The Awful ‘Ferris Bueller’ TV Show Opened With the New Ferris Chainsawing Matthew Broderick’s Likeness in Half

‘Ferris Bueller’ blew its chances at ever becoming a passable sitcom in its very first cold open
The Awful ‘Ferris Bueller’ TV Show Opened With the New Ferris Chainsawing Matthew Broderick’s Likeness in Half

Life moves pretty fast. It moves a lot slower when you’re watching the painfully terrible intro of the equally terrible Ferris Bueller sitcom.

On paper, you can see why Paramount was eager to turn their 1986 hit teen comedy Ferris Bueller’s Day Off into an at least watchable sitcom centered around the title character. After all, Matthew Broderick’s performance as the devilishly charming delinquent who spends a sick day enjoying all the most iconic sights and sounds of Chicago perfectly captured a cultural moment during director John Hughes’ legendary run of classic teen movies set and shot in and around the Windy City. 

However, the turd that Paramount Television squeezed out in 1990 was neither watchable nor iconic — in fact, the ABC show Ferris Bueller was so bad and so unpopular that the network ended up canceling the abomination in the middle of its first season.

Expectations for the TV adaptation of a film contingent on its main character’s cool factor were understandably high, and the makers of Ferris Bueller foolishly believed that the only way they could pull off a successful sitcom reimagining of the source material was to one-up Matthew Broderick. Actor Charlie Schlatter played the new Ferris Bueller, and, in an attempt to cast off comparisons to the previous star, the writers had Schlatter take a chainsaw to a cardboard cutout of Broderick while lobbing lame insults at the superstar who twist-and-shouted the non-franchise to critical and commercial success in the first place.

It took Ferris Bueller exactly 30 seconds to crap all over the beloved movie and movie star who made the show possible in the first place. That chainsaw should have been aimed toward the writers’ room instead.

At the very least, the conceit at the center of the Ferris Bueller TV show is a novel one. Rather than making the series a prequel or a sequel of the original movie with no explanation given for why Ferris has lighter hair and less charisma, the makers of Ferris Bueller framed the show around the idea that this Ferris, Schlatters Ferris, is the “real” Ferris Bueller, and the much more popular film and leading man were themselves adaptations of this real Ferris life and persona.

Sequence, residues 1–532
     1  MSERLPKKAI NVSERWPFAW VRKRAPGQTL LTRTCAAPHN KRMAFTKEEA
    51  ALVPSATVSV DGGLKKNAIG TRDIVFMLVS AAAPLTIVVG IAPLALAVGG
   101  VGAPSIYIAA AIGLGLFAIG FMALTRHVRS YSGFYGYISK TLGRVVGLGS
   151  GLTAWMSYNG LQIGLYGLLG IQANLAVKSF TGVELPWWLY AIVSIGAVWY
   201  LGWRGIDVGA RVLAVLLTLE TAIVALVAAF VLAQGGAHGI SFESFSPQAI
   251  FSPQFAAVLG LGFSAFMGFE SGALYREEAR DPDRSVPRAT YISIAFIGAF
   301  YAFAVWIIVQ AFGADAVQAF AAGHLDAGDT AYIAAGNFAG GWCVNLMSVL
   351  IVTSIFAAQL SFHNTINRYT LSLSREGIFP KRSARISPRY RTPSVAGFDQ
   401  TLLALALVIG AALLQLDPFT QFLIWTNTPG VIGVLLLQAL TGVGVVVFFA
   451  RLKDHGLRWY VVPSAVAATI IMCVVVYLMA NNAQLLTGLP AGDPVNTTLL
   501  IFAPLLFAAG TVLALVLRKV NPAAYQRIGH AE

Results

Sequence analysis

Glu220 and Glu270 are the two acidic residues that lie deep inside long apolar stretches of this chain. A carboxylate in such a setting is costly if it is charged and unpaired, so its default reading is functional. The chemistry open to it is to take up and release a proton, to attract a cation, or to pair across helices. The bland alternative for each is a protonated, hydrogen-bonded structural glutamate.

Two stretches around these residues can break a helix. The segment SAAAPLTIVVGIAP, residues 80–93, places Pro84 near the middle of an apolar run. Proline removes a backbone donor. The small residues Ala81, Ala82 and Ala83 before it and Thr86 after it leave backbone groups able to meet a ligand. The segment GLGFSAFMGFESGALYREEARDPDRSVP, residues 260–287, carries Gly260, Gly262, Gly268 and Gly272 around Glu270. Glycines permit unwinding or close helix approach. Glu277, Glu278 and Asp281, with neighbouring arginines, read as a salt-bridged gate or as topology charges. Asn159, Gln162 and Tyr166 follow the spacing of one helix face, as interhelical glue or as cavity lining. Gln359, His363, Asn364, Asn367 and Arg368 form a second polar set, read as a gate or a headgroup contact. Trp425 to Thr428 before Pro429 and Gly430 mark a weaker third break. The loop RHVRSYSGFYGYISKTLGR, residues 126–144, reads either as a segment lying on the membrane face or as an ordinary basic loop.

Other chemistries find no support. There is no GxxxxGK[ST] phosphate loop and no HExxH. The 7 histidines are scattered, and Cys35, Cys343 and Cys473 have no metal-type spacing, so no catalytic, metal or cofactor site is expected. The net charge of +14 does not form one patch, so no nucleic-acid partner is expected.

The rest of the cast of Ferris Bueller were all similarly doing poor, hammed-up impressions of the movie performances, including a young, pre-Friends Jennifer Aniston as Ferris combative sister Jeannie. Aniston later revealed that she and Schlatter engaged in a “brief, torrid romance” during the making of Ferris Bueller, which, frankly, should have been used by the writers to punch up their dismal scripts — an incest storyline would at least have been awful in an exciting way as opposed to their plodding plots.

One of the many, many reasons why Ferris Bueller didnt work as a show is because the original movie is all about a high schooler ditching class and having one amazing, coming-of-age adventure with the people closest to him. However, Ferris cant exactly play hooky every week, so Schlatters Ferris spends most of the series in school. Its like if they turned Dazed and Confused into a show about a bunch of high schoolers who all volunteer for D.A.R.E.

But the worst part of Ferris Bueller, besides its insistence on crapping all over the movie it could never compare to and besides the god-awful theme song that sounds like they composed it entirely from the soundtrack of a forgotten Commodore 64 game, was that they moved the setting to Los Angeles and completely cut out arguably the second most important character from the original film: Chicago.

Hughes called Ferris Bueller's Day Off “my love letter to the city (of Chicago),” and making Ferris Bueller yet another TV show set in boring old Southern California completely killed the sitcoms chances at recapturing even a fraction of the films charm. Those writers might as well have had Schlatter saw Mike Ditka in half while they were at it.


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